Electrochemical nanoparticle formation in ionic liquids for catalytic applications
Electrodeposition is the electrochemical formation of a metal on an electrode surface by the reduction of the corresponding metal ions from an electrolyte. By controlling the voltage or the current, it is therefore possible to produce a wide range of nanoparticles (NP) of varying shapes and sizes, each of which exhibits different reaction kinetics and reactivity in catalytic processes. The reactivity of nanoparticles offers enormous potential for technological applications in energy storage and energy conversion as well as in fuel cell technologies and in carbon dioxide capture.
Ionic liquids (ILs) are organic salts remaining liquid even under ambient temperatures. This means that electrolytes based on ionic liquids can enable deposition of far more reactive metals, such as sodium, magnesium and iron, than conventional aqueous electrolytes which opens up tremendous opportunities for the energy sector.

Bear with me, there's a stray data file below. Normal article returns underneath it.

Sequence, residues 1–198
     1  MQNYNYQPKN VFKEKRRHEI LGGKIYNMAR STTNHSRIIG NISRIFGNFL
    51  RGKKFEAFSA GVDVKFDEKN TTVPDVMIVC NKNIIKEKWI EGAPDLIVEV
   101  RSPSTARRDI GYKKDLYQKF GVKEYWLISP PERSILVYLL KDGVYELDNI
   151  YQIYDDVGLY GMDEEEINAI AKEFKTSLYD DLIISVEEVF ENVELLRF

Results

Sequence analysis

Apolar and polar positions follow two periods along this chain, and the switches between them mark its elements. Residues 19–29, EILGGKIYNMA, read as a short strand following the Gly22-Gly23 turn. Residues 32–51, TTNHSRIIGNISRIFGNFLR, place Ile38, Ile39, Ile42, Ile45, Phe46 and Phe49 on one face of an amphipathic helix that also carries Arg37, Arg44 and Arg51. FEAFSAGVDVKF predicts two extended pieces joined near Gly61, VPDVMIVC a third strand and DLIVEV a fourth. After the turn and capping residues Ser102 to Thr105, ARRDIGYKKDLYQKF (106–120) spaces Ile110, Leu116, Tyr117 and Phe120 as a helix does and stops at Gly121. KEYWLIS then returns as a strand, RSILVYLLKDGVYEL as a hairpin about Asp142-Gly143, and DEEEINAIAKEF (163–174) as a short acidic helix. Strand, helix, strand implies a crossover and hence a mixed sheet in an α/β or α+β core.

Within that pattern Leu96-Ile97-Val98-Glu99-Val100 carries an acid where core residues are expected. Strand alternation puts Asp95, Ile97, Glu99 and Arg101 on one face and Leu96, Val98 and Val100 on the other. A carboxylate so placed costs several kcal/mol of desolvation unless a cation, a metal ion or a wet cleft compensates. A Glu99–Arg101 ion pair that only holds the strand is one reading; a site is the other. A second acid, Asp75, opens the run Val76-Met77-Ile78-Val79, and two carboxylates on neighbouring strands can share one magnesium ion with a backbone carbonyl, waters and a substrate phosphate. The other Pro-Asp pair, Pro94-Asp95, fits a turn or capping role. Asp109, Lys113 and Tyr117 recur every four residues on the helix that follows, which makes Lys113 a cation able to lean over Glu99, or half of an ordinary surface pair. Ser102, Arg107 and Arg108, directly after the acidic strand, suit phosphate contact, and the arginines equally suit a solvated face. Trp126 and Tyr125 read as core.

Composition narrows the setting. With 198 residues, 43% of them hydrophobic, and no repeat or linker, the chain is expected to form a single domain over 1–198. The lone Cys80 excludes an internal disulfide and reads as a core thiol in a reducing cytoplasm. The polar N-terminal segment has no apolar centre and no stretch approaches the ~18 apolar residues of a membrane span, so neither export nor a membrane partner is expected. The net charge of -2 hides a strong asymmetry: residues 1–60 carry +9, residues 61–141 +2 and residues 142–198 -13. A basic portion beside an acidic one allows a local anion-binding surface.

However, to enable the controlled formation of NPs with narrow size distributions and their subsequent use for electrocatalytic applications in ionic liquids, we need to fully understand the precise mechanism of metal atom assembly into NPs in ionic liquids at the molecular level. This represents a tremendous challenge from the theoretical chemistry point of view as it involves the establishment of computational simulation methodology that correctly captures the electrostatic and dynamic interactions of metal ions and atoms in the ionic liquid electrolyte, as well as the molecule-surface interactions between the electrode, metal NPs, and ionic liquid molecules, for which literature data is scarce.
This research project unites Dr Maurer, an expert in computational modelling of interface chemistry at the University of Warwick and Dr Pas, an expert in ionic liquid chemistry at Monash University, in close collaboration with experimental colleagues at Warwick and Monash. The teams will tackle the grand challenge of electrochemical nanocatalysis in ionic liquid-based electrolytes, by developing a combined computational modelling – experimental characterisation strategy to direct the electrochemical formation of NPs from ionic liquids for their subsequent use in catalytic applications.
Associate Professor, School of Chemistry, Monash University
Dr Reinhard Maurer
Assistant Professor, Department of Chemistry, University of Warwick